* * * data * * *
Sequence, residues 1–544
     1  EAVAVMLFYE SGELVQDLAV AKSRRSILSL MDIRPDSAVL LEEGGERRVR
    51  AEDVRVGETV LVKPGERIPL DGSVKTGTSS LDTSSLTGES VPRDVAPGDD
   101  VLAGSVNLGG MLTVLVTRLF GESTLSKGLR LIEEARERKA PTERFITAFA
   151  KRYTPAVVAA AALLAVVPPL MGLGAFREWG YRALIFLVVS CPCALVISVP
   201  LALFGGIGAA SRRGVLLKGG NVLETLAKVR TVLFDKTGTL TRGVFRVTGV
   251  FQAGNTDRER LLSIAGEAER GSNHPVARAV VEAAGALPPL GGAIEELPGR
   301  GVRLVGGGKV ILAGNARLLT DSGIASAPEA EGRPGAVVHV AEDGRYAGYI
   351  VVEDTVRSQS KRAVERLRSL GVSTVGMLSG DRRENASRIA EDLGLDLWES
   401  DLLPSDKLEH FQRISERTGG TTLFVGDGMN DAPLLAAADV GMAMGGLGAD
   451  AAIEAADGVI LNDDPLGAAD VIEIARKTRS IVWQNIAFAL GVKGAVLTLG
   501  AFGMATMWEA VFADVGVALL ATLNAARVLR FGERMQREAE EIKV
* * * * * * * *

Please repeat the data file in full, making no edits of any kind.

Sequence, residues 1–544
     1  EAVAVMLFYE SGELVQDLAV AKSRRSILSL MDIRPDSAVL LEEGGERRVR
    51  AEDVRVGETV LVKPGERIPL DGSVKTGTSS LDTSSLTGES VPRDVAPGDD
   101  VLAGSVNLGG MLTVLVTRLF GESTLSKGLR LIEEARERKA PTERFITAFA
   151  KRYTPAVVAA AALLAVVPPL MGLGAFREWG YRALIFLVVS CPCALVISVP
   201  LALFGGIGAA SRRGVLLKGG NVLETLAKVR TVLFDKTGTL TRGVFRVTGV
   251  FQAGNTDRER LLSIAGEAER GSNHPVARAV VEAAGALPPL GGAIEELPGR
   301  GVRLVGGGKV ILAGNARLLT DSGIASAPEA EGRPGAVVHV AEDGRYAGYI
   351  VVEDTVRSQS KRAVERLRSL GVSTVGMLSG DRRENASRIA EDLGLDLWES
   401  DLLPSDKLEH FQRISERTGG TTLFVGDGMN DAPLLAAADV GMAMGGLGAD
   451  AAIEAADGVI LNDDPLGAAD VIEIARKTRS IVWQNIAFAL GVKGAVLTLG
   501  AFGMATMWEA VFADVGVALL ATLNAARVLR FGERMQREAE EIKV